It isn’t news that carmakers in India are working hard to upgrade their current engine line-ups to conform to the upcoming, and much stricter, BS6 emission norms. However, the cost of upgrading engines to BS6 is throwing price structures out of whack, particularly so for small-capacity diesels. Tata will pull the plug on its 1.05-litre diesel engines, VW’s 1.5-litre unit will be axed and Fiat’s ubiquitous 1.3 Multijet – which powers a whole host of Marutis – is also set to bow out by April 1, 2020. And now, Mahindra has hinted that the KUV100 NXT’s 1.2-litre diesel is also on its way out.
Speaking at Mahindra and Mahindra’s annual financial results announcement, Mahindra MD, Pawan Goenka, said diesels of 1.5-litre capacity and above will continue but the future for smaller diesels is under a cloud. Mahindra’s smallest engine – the 1.2-litre, three-cylinder diesel – solely powers the KUV100 NXT, which doesn’t sell in large enough numbers to justify the investment to upgrade it to BS6-spec. Goenka did state that in the broader scheme of things, he expects some shift to petrols even in larger vehicles and reiterated Mahindra is flexible enough to cater to petrol-heavy demand, should the market move in that direction.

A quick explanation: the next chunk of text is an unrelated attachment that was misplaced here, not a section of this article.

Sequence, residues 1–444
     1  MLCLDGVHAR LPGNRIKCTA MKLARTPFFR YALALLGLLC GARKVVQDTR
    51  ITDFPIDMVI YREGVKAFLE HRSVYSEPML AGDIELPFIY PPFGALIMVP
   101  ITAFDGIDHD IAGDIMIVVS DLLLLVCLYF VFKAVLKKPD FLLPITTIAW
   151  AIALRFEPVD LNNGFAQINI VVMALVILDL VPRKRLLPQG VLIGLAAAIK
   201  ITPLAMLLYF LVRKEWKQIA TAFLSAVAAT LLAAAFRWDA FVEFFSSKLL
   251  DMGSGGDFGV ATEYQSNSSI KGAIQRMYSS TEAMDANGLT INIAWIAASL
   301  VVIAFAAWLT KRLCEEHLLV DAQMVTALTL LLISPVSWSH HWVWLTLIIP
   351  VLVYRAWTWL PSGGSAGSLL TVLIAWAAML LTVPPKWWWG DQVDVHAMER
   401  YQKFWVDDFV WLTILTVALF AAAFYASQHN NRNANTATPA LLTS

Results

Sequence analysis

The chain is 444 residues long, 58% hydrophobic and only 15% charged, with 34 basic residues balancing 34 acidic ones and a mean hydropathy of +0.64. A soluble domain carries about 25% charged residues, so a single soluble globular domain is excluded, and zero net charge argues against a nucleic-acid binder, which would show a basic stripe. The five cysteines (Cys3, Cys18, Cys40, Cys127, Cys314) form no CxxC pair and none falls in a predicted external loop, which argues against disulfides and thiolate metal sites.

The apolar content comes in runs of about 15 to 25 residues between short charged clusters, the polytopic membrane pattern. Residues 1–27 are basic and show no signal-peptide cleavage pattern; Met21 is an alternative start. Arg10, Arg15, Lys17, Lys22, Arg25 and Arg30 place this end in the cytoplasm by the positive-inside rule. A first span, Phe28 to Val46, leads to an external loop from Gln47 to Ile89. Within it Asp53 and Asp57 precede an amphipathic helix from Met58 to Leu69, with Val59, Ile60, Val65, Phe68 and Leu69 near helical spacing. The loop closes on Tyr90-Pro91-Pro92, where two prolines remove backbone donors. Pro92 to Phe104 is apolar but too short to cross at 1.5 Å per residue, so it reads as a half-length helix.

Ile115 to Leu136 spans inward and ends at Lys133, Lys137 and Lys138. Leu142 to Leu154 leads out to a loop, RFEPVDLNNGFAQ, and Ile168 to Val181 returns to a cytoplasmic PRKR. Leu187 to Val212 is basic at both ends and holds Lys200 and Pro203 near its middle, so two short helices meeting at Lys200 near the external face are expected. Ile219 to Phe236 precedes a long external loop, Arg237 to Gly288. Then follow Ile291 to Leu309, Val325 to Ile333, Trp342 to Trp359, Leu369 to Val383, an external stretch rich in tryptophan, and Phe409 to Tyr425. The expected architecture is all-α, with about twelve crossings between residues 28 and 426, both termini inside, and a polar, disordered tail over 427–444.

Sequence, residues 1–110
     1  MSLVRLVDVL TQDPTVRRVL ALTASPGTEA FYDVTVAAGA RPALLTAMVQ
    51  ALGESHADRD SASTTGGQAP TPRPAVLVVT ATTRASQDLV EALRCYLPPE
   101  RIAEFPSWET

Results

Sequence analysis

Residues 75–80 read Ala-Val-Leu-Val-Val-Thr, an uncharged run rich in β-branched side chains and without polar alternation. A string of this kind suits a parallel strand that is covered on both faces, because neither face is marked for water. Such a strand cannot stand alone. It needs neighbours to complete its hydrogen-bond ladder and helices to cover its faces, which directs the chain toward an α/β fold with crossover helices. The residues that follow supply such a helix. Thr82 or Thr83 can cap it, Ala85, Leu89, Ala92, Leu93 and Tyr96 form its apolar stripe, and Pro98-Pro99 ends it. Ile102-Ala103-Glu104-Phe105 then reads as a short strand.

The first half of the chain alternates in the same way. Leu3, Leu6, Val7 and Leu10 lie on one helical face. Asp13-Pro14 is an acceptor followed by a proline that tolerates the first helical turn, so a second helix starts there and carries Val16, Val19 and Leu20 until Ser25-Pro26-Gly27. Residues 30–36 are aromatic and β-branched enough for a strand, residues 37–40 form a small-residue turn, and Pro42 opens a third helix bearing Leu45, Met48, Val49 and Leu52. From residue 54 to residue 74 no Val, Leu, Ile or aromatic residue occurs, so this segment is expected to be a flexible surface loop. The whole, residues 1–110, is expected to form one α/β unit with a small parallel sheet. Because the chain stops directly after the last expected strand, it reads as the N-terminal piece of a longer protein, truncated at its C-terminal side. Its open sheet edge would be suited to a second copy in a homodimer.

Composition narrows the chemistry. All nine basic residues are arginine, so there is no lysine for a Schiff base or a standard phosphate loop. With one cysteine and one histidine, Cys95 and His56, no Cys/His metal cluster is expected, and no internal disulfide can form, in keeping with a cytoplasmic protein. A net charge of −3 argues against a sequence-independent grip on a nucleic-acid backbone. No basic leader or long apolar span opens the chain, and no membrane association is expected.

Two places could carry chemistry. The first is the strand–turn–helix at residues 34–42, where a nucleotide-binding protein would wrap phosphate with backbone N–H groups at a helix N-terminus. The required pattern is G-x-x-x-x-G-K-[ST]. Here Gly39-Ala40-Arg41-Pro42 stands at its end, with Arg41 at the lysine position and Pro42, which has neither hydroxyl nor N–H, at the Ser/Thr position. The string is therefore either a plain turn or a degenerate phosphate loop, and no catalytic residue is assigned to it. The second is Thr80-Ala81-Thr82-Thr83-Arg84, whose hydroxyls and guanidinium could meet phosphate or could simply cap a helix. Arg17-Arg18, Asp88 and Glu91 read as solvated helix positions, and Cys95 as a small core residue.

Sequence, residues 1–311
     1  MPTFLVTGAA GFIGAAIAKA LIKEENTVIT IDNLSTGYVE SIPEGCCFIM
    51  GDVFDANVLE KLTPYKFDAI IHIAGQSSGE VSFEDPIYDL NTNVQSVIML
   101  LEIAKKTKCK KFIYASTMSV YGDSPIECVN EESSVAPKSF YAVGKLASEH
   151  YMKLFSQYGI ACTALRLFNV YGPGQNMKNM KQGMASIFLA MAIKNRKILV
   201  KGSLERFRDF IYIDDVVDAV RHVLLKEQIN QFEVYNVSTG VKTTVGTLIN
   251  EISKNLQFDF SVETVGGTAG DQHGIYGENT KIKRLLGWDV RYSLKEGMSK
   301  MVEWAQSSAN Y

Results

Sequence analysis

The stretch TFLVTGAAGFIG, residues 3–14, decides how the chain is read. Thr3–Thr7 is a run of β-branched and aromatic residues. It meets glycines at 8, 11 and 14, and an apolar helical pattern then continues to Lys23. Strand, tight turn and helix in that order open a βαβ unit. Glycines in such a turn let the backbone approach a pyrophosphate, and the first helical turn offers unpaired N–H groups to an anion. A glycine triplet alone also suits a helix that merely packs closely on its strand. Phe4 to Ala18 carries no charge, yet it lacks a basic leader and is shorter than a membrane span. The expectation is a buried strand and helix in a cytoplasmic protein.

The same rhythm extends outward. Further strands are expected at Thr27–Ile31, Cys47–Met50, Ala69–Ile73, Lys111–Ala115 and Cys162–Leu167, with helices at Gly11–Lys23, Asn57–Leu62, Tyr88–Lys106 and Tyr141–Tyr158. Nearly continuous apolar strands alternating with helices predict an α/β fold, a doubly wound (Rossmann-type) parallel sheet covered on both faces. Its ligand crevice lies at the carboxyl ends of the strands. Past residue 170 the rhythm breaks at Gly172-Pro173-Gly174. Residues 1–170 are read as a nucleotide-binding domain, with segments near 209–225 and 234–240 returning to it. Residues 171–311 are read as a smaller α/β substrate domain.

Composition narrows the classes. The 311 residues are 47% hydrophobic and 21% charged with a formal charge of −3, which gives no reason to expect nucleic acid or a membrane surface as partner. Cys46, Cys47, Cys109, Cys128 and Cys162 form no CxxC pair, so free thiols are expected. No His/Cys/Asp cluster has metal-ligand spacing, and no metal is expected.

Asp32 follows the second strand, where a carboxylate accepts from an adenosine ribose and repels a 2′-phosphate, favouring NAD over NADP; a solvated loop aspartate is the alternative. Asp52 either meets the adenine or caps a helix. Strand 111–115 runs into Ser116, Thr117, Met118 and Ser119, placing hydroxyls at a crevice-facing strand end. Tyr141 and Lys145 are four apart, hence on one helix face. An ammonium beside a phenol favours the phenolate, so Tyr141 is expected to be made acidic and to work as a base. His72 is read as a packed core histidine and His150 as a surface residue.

Mahindra has a fairly large range of diesel engines. There’s the 1.2-litre three-cylinder, as well as a 1.5-litre three-cylinder that’s available in various states of tune, depending on whether it’s used in the Bolero or the TUV300. A Renault-sourced 1.5-litre unit is used in the Verito, and Mahindra also has its own 1.5-litre diesel that powers the XUV300 and Marazzo; this engine was also awarded the Engine of the Year at the 2019 Autocar Awards. Mahindra’s higher-displacement diesel engines include the 2.2-litre four-cylinder unit that powers the XUV500 and the Scorpio, and then there’s a variety of 2.5-litre diesel engines as well.